Soon after his emigration from Russia in 1922, Ilyin’s imagination was captured by Benito Mussolini’s March on Rome, the coup d’état that brought the world’s first fascist regime. He visited Italy and published admiring articles about the Duce while he was writing his book On the Use of Violence to Resist Evil (1925). If his dissertation had laid the groundwork for a metaphysical defense of fascism, this book was an ethical apology for an emerging system. Christianity meant the call of the right-seeing philosopher to apply decisive violence in the name of love. To be immersed in such love was to struggle “against the enemies of the divine order on earth.”
Thus theology becomes politics. Ilyin blurred “democracy,” “socialism,” and “Marxism” into a single continuum of corruption, and maintained that politics that did not oppose Bolshevism opposed God. He used the word “Spirit” (Dukh) to describe the inspiration of fascists. The fascist seizure of power, he wrote, was an “act of salvation.” The fascist is the true redeemer, since he grasps that it is the enemy who must be sacrificed. Ilyin took from Mussolini the concept of a “chivalrous sacrifice” that fascists make with the blood of others. (Speaking of the Holocaust in 1943, Heinrich Himmler would praise his SS men in nearly identical terms.)
Ilyin dedicated his 1925 book to the Whites who had resisted the Bolshevik Revolution. It was meant as a guide to their future, a future that was the absolute negation of his hope in the 1910s that Russia might become a rule-of-law state. “Fascism,” wrote Ilyin, “is a redemptive excess of patriotic arbitrariness.” In this one sentence, two universal concepts, law and Christianity, are undone. A spirit of lawlessness replaces the spirit of the law; a spirit of murder replaces a spirit of mercy.
Although Ilyin was inspired by fascist Italy, his home as a political refugee between 1922 and 1938 was Germany. As an employee of the Russian Scholarly Institute (Russisches Wissenschaftliches Institut), he was an academic civil servant. Writing in Russian for fellow émigrés, Ilyin was quick to praise Hitler’s seizure of power in 1933. “A reaction to Bolshevism had to come,” he wrote. Above all, he wanted to persuade Russians and other Europeans that Hitler was right to treat Jews as agents of Bolshevism. This “Judeo-Bolshevik” idea was the specific ideological connection between the Whites and the Nazis. The claim that Jews were Bolsheviks and Bolsheviks were Jews had been White propaganda during the Russian Civil War. Of course, most Communists were not Jews, and the overwhelming majority of Jews had nothing to do with communism. The conflation of the two groups was not an error or an exaggeration, but a transformation of traditional religious prejudices into instruments of national unity.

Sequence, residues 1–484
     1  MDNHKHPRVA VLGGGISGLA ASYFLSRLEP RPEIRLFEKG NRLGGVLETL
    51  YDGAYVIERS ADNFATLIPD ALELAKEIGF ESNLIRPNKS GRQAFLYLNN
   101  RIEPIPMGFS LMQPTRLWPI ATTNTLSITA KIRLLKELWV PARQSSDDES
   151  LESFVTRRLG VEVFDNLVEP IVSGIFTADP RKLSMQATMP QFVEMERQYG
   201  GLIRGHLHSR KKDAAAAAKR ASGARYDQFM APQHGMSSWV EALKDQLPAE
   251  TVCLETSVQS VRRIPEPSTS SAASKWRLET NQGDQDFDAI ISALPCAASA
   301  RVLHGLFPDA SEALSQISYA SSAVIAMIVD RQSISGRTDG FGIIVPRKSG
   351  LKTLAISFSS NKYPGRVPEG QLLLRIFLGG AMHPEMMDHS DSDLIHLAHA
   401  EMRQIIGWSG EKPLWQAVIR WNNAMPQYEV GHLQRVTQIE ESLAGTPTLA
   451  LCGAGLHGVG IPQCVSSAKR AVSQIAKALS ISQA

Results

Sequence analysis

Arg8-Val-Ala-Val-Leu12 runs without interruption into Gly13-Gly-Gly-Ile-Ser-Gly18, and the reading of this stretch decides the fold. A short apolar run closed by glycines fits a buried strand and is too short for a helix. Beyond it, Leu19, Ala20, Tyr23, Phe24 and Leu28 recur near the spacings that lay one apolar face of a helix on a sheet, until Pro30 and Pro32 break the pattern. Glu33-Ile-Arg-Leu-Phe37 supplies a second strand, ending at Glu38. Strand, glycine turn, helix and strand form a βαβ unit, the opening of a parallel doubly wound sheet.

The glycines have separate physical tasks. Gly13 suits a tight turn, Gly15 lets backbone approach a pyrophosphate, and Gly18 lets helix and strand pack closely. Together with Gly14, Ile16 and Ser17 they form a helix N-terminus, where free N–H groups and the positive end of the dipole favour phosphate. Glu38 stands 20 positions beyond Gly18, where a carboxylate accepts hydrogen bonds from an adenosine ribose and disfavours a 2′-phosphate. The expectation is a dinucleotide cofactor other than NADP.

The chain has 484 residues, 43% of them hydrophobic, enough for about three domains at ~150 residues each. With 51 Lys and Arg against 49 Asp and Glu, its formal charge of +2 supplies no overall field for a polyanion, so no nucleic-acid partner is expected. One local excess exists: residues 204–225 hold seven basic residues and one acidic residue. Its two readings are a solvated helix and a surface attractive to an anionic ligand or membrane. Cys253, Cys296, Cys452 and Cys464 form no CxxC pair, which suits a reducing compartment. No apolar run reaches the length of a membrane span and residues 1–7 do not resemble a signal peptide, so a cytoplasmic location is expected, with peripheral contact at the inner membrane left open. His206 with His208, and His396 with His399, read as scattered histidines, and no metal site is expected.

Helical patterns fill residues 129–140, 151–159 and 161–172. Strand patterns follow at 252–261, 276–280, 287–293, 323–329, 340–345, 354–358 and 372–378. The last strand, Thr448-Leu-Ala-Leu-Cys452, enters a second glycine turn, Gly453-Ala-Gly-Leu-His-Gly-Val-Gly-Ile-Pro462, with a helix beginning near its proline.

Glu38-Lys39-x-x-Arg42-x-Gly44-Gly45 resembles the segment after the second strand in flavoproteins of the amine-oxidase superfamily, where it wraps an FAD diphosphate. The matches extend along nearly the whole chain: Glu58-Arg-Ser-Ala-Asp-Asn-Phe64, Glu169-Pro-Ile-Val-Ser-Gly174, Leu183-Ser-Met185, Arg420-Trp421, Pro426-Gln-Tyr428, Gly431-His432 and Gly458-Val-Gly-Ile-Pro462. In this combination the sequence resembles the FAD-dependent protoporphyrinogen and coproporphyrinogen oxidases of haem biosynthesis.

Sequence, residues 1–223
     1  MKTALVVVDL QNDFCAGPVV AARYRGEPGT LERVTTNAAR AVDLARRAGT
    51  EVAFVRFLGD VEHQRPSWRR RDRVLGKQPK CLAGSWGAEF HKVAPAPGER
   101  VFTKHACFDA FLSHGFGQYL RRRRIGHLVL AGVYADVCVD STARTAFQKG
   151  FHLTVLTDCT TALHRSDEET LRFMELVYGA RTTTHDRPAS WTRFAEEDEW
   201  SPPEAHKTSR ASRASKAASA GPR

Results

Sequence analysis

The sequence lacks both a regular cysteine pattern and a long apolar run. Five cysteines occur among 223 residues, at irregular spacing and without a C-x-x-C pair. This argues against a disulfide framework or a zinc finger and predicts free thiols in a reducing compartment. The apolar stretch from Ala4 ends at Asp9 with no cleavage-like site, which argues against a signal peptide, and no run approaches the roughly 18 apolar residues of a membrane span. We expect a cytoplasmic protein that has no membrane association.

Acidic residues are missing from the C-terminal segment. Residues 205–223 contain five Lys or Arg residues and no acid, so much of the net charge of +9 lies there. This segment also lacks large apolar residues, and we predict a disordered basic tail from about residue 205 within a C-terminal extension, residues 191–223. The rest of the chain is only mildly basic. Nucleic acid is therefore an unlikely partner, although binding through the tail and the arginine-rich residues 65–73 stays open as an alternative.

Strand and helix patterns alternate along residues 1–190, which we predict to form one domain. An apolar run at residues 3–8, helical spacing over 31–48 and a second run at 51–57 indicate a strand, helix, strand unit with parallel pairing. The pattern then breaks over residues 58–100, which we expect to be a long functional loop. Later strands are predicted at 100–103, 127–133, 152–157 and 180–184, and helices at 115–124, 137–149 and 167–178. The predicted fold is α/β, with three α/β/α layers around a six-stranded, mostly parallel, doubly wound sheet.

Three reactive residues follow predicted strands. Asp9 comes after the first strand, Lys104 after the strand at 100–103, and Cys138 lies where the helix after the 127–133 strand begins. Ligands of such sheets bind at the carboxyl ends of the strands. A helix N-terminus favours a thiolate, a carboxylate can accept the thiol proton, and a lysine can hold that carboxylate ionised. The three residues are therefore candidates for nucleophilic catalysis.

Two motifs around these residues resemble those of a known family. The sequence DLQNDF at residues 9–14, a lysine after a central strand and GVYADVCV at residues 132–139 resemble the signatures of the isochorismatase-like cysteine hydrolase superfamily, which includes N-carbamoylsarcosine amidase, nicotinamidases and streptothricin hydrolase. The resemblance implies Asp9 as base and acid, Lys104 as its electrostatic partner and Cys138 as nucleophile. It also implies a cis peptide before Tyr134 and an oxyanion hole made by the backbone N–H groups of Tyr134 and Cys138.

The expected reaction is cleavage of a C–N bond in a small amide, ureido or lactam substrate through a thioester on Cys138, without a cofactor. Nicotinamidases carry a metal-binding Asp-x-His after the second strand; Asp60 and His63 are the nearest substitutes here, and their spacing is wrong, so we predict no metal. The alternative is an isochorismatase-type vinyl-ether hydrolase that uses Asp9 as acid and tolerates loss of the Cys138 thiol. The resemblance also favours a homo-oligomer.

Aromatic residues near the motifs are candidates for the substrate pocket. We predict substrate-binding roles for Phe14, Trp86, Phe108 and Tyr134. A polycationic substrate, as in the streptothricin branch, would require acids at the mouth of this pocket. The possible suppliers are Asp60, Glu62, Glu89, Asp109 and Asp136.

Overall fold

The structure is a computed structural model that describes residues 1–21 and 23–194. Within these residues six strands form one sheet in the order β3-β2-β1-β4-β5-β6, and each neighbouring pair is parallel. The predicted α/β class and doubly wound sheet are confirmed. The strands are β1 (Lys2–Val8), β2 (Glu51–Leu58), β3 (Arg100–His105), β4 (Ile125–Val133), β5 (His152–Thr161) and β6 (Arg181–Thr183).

During and after the Russian civil war, some Whites had fled to Germany as refugees. It was their conception of Judeo-Bolshevism, arriving in Germany in 1919 and 1920, that completed the education of Adolf Hitler as an anti-Semite. Until that moment, Hitler had presented the enemy of Germany as Jewish capitalism. Once convinced that Jews were responsible for both capitalism and communism, he could take the final step and conclude, as he did in Mein Kampf, that Jews were the source of all ideas that threatened the German people. In this respect, Hitler was a pupil of the Russian White movement. Ilyin, the Whites’ ideologist, wanted the world to know that Hitler was right.
As the 1930s passed, though, Ilyin began to doubt that Nazi Germany was advancing the cause of Russian fascism and cautioned Russian Whites about the Nazis. Coming under suspicion, he lost his government job and in 1938 left Germany for Switzerland, which he knew well from previous vacations. From a safe vantage point near Zurich, Ilyin observed World War II. Though he harbored reservations about the Nazis, he called the German invasion of the USSR a “judgment on Bolshevism.” After the Soviet victory at Stalingrad in 1943, when it became clear that Germany would likely lose the war, Ilyin changed his position. Then, and in the years to follow, he would present the war as one of a series of Western attacks on Russian virtue over the centuries.
Russian innocence was becoming one of Ilyin’s great themes. As a concept, it completed his fascist theory: The world had lost its “divine totality” and “harmonious unity.” Only Russia had somehow escaped the evil of “history” or “the fragmentation of human existence.” Because it “drew the strength of its soul from God,” it was under perpetual attack from the rest of the malevolent world. Its immaculate essence had endured “a millennium of suffering.” This Russia was not a country with individuals and institutions but an immortal creature, a “living organic unity.” Ilyin enclosed the word “Ukrainians” within quotation marks, since in his view they were a part of the Russian organism. The fascist language of organic unity, though discredited by the war, remained central to him. But the victory of the Red Army in 1945 had made it impossible to imagine, as Ilyin had in the 1920s, that the Whites might someday return from exile to power in Russia. What was needed instead was a blueprint for a post-Soviet Russia, enabled by a “national dictator.”